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The University of Sydney has jumped four places in the 2023 edition of the Times Higher Education (THE) World University rankings to 54th position globally out of 1,799 institutions worldwide.
Research excellence was a major contributor to the result, with research being the University’s strongest overall indicator, cementing our status as a world-leading, research-intensive university. The University also scored highly for international outlook, reflecting the University’s established position as a global institution.
Our research activity and international connections, including partnerships and research collaborations, underpin this outcome, and I congratulate our academic and professional staff on our competitiveness in this ranking. As we commit to our next 10-year strategy, aspiring to be one of the world’s great universities, we have an excellent foundation to build on.
The University has been at the forefront of Covid-19 research, from advising governments on public health measures and developing variant-proof vaccines in collaboration with industry. And to fast-track the path to Net-Zero, we are pioneering advances in waste management, solar panel and battery technology.
We collaborate with some of the best research universities in the world, including Harvard University, National University of Singapore and UCL, and have the largest student mobility program in Australia.
Professor Emma Johnston AO, Deputy Vice-Chancellor (Research), said: “Improvement in the rankings is one way the excellence of our research activity is acknowledged, alongside indicators such as our strong record of successful start-ups and spin-outs, our 29 academics named as world-leading experts and the $40 million we were recently awarded under the Medical Research Future Fund.
“They are an encouraging recognition of the importance and quality of our efforts as the University strives to address pressing global challenges with new discoveries and translational research.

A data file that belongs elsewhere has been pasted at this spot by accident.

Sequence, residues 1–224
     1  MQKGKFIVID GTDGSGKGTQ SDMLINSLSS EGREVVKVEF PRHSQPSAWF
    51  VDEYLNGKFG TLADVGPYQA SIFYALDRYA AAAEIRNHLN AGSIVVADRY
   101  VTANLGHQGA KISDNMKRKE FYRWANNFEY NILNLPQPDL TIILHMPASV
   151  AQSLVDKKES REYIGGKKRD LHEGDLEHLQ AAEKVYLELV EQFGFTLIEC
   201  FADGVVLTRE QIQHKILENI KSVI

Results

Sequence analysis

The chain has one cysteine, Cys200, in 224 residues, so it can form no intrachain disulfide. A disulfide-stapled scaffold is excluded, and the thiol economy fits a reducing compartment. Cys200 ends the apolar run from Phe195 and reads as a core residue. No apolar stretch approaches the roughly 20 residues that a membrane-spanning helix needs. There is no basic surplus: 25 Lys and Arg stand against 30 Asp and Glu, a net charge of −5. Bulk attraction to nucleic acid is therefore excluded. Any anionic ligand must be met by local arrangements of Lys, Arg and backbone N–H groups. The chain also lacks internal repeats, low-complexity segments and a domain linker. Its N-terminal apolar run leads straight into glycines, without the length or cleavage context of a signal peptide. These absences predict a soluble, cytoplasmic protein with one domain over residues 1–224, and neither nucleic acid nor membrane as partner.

“Examples of recent exemplary research include studies that monitored 78,500 adults to confirm 10,000 steps at a quick pace lowers risk of disease, critical contributions to two pioneering studies identifying genetic signatures explaining ethnic differences in the severity of prostate cancer, our contribution to a Nature prehistory paper on the discovery in Borneo of the earliest evidence of an amputation, and a PhD student developing a tool to assist surgeons in planning complex jawbone reconstruction by generating a ‘digital twin’ of the patient using CT scan data.”
This is the 20th edition of the annual Times Higher Education (THE) rankings which judge universities across citations, research, teaching, international outlook and industry.
In other rankings results this year, the University of Sydney performed strongly in the Academic Ranking of World Universities (ARWU) for the third year, improving nine places globally to 60th, as well as the ShanghaiRanking Global Ranking of Academic Subjects, recording 14 research areas in the top 50 globally, including nursing (7th), telecommunication engineering (9th) and transportation science and technology (10th). In the QS World University Rankings released in June, the University ranked 41st in the world.
This year Australia has seven universities in the world top 100, up from six last year, and 10 universities in the world top 200 – making it the joint-fifth most-represented country in the top 200.